Robiola is a soft cheese from the Stracchino family that comes from Northern Italy, generally from the valleys in Piedmont and Lombardy. It is a very ancient cheese and its’ origins go back to the time when Celtic Liguri tribes ruled Italy. Robiola was even mentioned by Pliny the Elder in his Natural History.
Robiola is made with a mixture of cow, goat and sheep milk. There are a few different versions of Robiola. From Lombardy, it tends to be whitish in color and have a rind while the Piedmont version is more yellow in color, is fresher and sometimes is used as a topping on pizza.
There is one DOP or Denominazione di Origine Protetta version of Robiola called Robiola di Roccaverano DOP.
Robiola di Roccaverano is full-fat cheese that doesn’t ripen or age. It is made from a blend of up to 50% goat milk with the remaining 50% of sheep or cow milk or a mixture of both. Robiola di Roccaverano does not have a rind and is quite delicate in taste.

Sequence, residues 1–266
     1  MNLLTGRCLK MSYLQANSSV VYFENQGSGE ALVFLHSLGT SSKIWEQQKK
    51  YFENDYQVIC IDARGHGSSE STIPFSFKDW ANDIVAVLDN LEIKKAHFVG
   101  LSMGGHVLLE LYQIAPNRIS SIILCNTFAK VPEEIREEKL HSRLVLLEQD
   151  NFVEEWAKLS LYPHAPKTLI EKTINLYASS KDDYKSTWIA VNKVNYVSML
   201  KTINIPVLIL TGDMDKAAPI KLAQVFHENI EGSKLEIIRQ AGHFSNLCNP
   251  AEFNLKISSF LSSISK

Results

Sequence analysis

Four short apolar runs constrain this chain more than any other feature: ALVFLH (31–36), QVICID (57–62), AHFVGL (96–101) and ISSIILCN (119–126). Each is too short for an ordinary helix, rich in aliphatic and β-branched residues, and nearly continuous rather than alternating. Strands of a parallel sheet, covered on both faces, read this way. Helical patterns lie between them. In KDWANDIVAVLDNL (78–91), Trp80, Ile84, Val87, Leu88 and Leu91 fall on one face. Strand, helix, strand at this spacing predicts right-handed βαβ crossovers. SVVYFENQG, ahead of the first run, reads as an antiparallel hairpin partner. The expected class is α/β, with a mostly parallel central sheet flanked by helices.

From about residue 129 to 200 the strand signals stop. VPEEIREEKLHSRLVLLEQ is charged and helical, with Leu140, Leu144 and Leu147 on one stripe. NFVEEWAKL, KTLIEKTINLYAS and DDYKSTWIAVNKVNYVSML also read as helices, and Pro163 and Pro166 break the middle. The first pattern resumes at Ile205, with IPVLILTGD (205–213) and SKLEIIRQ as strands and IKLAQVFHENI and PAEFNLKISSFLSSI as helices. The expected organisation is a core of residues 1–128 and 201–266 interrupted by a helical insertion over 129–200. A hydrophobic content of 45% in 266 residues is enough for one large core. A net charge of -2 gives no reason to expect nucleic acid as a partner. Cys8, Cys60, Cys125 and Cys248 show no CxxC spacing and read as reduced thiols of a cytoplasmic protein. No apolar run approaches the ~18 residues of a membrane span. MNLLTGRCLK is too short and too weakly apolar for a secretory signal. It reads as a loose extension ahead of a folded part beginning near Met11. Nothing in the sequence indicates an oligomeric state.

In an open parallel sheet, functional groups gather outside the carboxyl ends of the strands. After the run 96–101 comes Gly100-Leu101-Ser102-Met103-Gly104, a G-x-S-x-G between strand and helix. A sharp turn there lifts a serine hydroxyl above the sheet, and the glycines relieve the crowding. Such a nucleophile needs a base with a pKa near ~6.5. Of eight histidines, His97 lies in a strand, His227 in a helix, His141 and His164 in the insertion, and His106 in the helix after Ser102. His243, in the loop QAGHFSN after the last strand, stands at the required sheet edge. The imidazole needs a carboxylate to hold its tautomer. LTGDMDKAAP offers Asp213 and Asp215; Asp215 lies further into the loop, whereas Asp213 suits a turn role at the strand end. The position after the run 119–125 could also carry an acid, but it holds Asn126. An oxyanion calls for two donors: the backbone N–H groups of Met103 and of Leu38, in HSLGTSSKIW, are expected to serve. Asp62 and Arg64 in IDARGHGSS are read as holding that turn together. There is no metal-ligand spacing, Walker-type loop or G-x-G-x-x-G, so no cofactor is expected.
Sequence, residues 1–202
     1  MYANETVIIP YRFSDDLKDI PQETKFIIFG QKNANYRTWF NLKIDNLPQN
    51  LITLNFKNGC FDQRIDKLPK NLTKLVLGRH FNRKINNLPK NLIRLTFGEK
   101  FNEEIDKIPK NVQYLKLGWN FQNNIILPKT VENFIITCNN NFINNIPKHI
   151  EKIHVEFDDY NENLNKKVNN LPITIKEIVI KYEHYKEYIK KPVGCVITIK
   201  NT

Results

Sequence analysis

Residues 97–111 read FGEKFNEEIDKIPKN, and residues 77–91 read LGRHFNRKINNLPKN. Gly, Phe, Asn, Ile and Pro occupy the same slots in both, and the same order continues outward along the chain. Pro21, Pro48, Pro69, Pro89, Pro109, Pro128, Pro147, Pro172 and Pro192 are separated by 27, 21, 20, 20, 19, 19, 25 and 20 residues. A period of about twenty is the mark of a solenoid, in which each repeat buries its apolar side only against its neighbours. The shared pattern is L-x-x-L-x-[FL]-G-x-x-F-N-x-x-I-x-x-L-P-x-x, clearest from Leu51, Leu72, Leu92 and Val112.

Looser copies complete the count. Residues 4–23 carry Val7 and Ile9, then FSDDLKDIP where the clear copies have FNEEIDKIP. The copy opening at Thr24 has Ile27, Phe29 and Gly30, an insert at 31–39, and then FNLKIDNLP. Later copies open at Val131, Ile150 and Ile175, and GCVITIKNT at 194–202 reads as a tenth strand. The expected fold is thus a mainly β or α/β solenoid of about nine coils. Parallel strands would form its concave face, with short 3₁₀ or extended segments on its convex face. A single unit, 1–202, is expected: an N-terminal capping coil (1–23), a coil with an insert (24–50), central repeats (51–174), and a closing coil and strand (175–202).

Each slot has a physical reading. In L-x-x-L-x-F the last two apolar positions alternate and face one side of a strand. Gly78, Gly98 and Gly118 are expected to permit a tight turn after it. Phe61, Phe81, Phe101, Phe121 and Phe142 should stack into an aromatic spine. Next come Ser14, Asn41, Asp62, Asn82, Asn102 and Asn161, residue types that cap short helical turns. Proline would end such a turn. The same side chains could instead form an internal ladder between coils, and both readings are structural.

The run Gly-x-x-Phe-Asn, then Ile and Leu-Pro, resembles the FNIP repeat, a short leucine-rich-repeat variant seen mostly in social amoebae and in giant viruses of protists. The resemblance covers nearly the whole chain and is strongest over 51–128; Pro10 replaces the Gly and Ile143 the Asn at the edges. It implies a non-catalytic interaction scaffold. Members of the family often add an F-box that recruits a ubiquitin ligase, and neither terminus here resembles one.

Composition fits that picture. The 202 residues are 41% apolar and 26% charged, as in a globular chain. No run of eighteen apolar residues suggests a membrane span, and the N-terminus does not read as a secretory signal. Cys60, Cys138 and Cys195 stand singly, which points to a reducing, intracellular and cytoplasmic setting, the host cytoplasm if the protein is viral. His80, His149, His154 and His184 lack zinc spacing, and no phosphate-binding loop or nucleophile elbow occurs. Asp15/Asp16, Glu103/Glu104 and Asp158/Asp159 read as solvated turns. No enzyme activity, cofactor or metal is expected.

Roccaverano is a town in the province of Asti in Piedmont.
Robiola can be delicious with vegetables. An easy apertif would be a crostino or bread slice with robiola, radicchio or arugula.
Toast the bread and spread some olive oil on it, then add the Robiola, the vegetable which you can saute’ for a few minutes in butter, and eccoti…a lovely crostino.
Robiola is quite high in fat and therefore works very well with a wine with high acidity such as Barbera or Sangiovese. The two complement each other and neither one dominates. The cheese is relatively easy to find in the United States as well. Formaggio Essex could be a good place to start looking for this scrumptious cheese.